Is it true our GPS satellites are deteriorating and there's no good fix?
Pretty much. Frightening, isn’t it? We’ll have to go back to using maps.
One doesn’t wish to make light of the situation. For most of us, failure of the Global Positioning System merely increases the likelihood we’ll get lost in Pennsylvania. For the military and some emergency services, matters are more urgent. The satellites have limited life, typically seven to ten years. There’s no practical way to fix them once they break. Of the 59 GPS satellites launched to date, 31 are still operating. Of those 31, 17 are past their life expectancy — the oldest was launched in 1990. So if I were planning a military incursion into yet another trackless third-world region, I’d have reason to think better of it.
Worries about the GPS arose in May 2009 when the U.S. Government Accountability Office (GAO) released a report saying, “It is uncertain whether the Air Force will be able to acquire new satellites in time to maintain current GPS service without interruption. If not, some military operations and some civilian users could be adversely affected.”
The problem is that 24 functional GPS satellites are required for complete global coverage. With 31 still beeping we’ve got plenty of spares for the moment. However, due to a combination of schedule slips, construction problems, and cost overruns, we haven’t been launching new satellites fast enough to replace those likely to fail soon. The GAO estimated that over the next four years or so the probability that at least 24 satellites will remain operational will be less than 95 percent, at times dipping as low as 80 percent.
Having something fewer than 24 working satellites wouldn’t mean total system failure. The GAO says possible adverse effects are “hard to precisely define,” but reception could suffer in dense urban zones and mountainous regions. One urban GPS-dependent technology is the “bus tracker” feature used by some transit systems — including Chicago’s. So if too many GPS satellites go dark, not only will some Straight Dope readers be freezing on a corner waiting for the bus, they won’t even have the comfort of knowing the next one is running 19 minutes late.
Don’t be alarmed, though — the air force is on the case. Two days after the GAO report was released, they responded with a Twitter news conference, confidently tweeting that “going below 24 won’t happen.” This was followed up with a plan to move spare satellites closer to those expected to fail, improving current coverage, minimizing outages, and buying time to get new satellites aloft.
The fact that GPS technology has become ubiquitous is the best guarantee that the system won’t be out of action for long, if at all. Ten years ago civilian GPS use was confined to a gaggle of geeks. Today if the system goes down, just imagine the screaming: fix this sucker now.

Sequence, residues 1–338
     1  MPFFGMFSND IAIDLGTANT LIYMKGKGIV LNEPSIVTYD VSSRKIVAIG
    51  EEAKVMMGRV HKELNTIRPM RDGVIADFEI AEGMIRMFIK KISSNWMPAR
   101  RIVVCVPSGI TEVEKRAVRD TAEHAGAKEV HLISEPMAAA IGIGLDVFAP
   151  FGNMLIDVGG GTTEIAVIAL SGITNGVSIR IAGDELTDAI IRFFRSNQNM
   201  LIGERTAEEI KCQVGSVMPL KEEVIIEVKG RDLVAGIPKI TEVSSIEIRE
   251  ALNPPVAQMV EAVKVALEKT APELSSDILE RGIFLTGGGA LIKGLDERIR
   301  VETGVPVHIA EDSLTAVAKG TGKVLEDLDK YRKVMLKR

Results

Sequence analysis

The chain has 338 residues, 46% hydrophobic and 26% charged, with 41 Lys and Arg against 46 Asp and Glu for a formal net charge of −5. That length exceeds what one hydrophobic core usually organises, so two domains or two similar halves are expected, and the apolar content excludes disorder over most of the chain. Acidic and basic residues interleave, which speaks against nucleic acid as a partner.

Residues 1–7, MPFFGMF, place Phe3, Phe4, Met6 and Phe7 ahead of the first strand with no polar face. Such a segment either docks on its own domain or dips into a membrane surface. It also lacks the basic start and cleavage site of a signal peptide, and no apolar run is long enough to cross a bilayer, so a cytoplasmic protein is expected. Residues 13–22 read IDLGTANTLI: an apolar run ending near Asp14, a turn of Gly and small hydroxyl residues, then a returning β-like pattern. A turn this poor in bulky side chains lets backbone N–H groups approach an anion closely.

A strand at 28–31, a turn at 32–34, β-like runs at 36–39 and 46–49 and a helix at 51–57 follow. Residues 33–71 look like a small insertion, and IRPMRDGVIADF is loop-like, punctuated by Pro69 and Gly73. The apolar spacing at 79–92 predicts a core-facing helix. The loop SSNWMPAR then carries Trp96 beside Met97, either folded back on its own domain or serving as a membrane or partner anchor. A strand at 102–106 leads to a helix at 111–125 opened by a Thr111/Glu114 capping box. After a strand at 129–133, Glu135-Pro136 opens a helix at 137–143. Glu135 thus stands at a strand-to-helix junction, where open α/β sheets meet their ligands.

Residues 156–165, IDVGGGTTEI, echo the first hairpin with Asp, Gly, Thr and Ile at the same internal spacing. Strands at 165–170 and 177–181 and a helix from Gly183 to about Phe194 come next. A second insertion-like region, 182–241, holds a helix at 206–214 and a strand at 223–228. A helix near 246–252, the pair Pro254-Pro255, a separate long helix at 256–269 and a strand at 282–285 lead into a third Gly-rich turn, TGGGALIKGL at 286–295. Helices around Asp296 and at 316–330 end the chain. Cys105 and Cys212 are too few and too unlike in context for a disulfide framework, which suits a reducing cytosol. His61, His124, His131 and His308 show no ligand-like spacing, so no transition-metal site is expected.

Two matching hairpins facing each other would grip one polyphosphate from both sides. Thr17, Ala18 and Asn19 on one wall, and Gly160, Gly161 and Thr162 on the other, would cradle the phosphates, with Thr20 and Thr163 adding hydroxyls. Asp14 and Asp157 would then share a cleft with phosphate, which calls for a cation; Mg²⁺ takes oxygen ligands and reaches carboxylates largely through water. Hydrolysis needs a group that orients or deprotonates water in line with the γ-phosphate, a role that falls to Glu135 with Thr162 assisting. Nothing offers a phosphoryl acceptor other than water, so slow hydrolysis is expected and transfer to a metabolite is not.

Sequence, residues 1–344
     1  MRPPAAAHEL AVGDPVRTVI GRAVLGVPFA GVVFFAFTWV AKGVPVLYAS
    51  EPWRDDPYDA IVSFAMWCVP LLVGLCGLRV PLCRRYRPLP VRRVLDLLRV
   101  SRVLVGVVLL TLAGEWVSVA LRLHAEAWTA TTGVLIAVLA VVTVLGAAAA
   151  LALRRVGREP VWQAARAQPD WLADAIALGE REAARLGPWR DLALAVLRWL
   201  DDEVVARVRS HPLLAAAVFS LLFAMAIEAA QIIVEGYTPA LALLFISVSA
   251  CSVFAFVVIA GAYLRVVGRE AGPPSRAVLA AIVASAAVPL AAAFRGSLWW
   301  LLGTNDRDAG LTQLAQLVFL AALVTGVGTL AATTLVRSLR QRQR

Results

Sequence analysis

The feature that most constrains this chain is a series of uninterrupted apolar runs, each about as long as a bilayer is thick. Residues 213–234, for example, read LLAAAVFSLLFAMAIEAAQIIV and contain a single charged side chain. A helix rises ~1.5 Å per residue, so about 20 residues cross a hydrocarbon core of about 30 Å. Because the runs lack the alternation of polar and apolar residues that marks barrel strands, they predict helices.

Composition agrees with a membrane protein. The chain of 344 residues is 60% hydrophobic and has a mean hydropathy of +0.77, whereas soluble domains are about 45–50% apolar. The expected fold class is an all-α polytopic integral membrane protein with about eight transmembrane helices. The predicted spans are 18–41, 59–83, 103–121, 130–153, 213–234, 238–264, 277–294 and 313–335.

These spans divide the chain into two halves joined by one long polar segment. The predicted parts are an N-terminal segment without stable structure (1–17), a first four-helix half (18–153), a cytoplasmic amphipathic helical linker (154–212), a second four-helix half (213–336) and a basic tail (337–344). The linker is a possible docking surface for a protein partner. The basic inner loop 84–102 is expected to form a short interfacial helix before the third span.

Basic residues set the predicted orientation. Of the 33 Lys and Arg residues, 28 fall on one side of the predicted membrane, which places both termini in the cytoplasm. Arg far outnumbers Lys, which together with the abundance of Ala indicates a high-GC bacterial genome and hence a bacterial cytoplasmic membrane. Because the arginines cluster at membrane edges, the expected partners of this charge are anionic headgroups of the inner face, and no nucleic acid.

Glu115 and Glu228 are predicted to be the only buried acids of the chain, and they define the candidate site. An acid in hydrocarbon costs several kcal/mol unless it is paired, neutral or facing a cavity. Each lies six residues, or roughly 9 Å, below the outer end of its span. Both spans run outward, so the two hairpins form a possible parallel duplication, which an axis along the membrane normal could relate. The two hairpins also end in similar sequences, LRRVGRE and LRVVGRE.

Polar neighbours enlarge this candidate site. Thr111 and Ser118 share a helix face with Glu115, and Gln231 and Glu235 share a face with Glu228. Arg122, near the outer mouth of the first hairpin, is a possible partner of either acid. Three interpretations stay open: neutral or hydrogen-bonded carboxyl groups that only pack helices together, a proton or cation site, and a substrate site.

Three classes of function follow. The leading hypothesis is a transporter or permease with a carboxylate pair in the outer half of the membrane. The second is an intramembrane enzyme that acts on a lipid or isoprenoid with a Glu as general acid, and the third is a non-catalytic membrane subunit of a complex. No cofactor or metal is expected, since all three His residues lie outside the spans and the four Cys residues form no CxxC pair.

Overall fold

I contend if I’m at the beach and have only SPF 8 suntan lotion, I can put on two coats and have the equivalent of SPF 16, three coats for SPF 24, etc. My friends disagree, so any input from Cecil on such a weighty matter would be greatly appreciated.
— Zaine Remus
I’ll be straight with you, Zaine. I was prepared to jump on you with both feet, thinking this was the most inane idea the Teeming Millions had come up with in . . . oh, at least two weeks. However, one wants to be thorough, so I looked up the research. You know what? Turns out you’re basically right.
First a quick review of sun protection factor, or SPF. A sunscreen bearing a rating of SPF 15 means it’ll let you spend 15 hours in the sun and get the same exposure as one hour without protection. SPF 30 means 30 hours, etc. That’s a rough guide; variables include skin type, activity level, and so on.
The thing is, most people don’t put on enough sunscreen to get full protection. According to the FDA, you’re supposed to use two milligrams per square centimeter of skin. (For a beachgoer standing five-four and weighing 150 pounds, that’s about an ounce.) Most people, though, use only half a milligram.
The research I found (and there wasn’t too much) suggests SPF effectiveness varies exponentially with the amount you actually use. If you use half the prescribed amount, you get the square root of the SPF; if a third, the cube root; if a fourth, the fourth root. So if you use half a milligram of SPF 16, the real SPF is 2. Works in the opposite direction, too. One experiment found a double dose of SPF 4 resulted in SPF 16. I have a hard time believing a double dollop of SPF 8 would produce SPF 64. But would it at least double, to SPF 16, as you contend? I admit it probably would.
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